CHICAGO — President Barack Obama, insisting a politically divided government will not risk tanking the world economy, says Congress will once again raise the amount of debt the country can pile up to ensure it has money to pay its bills. For the first time, though, he signaled that he will have to go along with more spending cuts to ensure a deal with Republicans.
In an interview Friday with The Associated Press, the president also spoke in his most confident terms yet that voters will reward him with another four years in the White House for his work to turn around the economy. Speaking from his hometown and the site of his newly launched re-election bid, Obama said he thinks voters will determine he is the best prepared person "to finish the job."
On America's wars, he said that a significant number of troops would begin coming home from Afghanistan in July despite many expectations that the withdrawal would be modest. He said the U.S. would not expand its military role to end a bloody stalemate in Libya but insisted that Moammar Gadhafi would, in time, be forced from power.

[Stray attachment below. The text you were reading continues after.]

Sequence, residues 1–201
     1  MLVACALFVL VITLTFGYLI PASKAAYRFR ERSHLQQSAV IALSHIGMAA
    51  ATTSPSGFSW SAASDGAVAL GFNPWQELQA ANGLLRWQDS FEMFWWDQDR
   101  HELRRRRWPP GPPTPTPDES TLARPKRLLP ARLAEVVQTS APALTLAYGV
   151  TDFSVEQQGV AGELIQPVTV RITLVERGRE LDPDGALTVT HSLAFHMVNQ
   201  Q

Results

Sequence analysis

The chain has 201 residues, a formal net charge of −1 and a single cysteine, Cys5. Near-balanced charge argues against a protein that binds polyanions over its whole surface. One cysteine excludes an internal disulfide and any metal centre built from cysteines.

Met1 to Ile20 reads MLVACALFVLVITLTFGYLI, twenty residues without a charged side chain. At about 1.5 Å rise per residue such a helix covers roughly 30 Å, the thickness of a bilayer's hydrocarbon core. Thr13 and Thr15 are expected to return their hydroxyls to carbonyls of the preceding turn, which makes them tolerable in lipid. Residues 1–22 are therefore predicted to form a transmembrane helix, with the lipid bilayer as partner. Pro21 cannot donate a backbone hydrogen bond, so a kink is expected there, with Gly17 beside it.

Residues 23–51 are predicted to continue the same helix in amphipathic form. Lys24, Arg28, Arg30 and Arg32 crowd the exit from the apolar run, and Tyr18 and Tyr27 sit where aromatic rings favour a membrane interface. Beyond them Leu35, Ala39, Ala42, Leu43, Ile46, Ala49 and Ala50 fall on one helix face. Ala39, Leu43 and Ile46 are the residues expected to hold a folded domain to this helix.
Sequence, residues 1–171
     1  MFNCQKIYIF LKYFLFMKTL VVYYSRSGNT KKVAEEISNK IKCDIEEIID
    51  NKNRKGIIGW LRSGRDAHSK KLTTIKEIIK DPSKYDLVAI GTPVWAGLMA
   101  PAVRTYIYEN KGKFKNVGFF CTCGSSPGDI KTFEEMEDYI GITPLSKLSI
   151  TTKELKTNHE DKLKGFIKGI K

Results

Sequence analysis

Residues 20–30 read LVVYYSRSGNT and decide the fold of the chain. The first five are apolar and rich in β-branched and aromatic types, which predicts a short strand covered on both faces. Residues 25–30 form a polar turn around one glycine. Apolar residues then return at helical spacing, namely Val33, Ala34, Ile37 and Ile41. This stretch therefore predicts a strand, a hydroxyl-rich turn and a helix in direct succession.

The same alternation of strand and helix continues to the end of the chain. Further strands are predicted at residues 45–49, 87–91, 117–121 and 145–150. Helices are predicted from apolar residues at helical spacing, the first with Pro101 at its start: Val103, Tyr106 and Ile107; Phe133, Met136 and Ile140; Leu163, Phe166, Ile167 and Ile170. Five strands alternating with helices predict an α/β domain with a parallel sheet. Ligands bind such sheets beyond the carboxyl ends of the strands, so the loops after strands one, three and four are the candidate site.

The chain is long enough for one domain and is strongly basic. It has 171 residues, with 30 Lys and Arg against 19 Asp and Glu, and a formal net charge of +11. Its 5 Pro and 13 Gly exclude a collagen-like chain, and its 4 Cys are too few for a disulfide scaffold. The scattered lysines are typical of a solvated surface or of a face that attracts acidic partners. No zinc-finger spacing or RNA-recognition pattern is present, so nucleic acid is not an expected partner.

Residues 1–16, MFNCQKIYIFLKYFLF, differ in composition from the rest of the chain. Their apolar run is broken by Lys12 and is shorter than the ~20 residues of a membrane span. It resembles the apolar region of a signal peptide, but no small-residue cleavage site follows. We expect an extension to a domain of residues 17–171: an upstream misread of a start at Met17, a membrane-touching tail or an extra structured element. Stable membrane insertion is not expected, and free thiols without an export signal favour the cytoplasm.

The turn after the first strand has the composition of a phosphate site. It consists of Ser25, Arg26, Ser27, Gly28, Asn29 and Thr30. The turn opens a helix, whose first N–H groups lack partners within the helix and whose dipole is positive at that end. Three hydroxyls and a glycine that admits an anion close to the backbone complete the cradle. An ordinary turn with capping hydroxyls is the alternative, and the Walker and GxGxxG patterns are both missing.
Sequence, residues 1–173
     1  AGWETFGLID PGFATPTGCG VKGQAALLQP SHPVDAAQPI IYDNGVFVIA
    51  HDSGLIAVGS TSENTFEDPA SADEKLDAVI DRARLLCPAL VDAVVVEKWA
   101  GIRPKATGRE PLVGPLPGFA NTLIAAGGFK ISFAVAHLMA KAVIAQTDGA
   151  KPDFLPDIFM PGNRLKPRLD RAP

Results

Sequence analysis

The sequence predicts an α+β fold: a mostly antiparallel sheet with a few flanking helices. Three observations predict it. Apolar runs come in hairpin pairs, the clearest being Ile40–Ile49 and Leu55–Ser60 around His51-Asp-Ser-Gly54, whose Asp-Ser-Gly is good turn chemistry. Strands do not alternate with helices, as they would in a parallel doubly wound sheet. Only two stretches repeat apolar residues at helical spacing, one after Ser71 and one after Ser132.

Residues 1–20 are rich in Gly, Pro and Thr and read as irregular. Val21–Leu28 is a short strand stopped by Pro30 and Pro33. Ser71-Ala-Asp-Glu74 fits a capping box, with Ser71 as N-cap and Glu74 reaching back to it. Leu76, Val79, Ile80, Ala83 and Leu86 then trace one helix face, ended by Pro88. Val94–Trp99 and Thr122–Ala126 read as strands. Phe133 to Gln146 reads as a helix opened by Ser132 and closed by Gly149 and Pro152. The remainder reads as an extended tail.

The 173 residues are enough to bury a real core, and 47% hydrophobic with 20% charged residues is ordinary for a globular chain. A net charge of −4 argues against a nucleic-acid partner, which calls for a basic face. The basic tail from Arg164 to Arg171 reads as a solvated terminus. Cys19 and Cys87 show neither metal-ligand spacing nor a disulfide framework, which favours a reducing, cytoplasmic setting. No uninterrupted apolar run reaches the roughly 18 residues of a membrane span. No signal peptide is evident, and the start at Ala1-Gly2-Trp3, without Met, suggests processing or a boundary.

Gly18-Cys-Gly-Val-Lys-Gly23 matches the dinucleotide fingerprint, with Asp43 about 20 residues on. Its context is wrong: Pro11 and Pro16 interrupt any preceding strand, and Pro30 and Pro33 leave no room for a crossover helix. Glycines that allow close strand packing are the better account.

Appearing rejuvenated from spending time and raising some political cash in his hometown, Obama was just a week removed from a marathon showdown with House Republicans that almost led to a government shutdown. He signed the budget bill to avoid the embarrassing stoppage of government services when he got back to the White House later on Friday.
As Washington's political leaders scramble to show leadership on the suddenly consuming debt debate, Obama made sure in the interview to promote his long-term plan to cut trillions of dollars as the fairer, more compassionate alternative to a Republican plan that surged to party-line passage Friday afternoon in the House. Yet it was his comments on the debt limit — an issue the White House has labored to keep separate from the broader discussion on how to rein in spending — that altered the course of the conversation.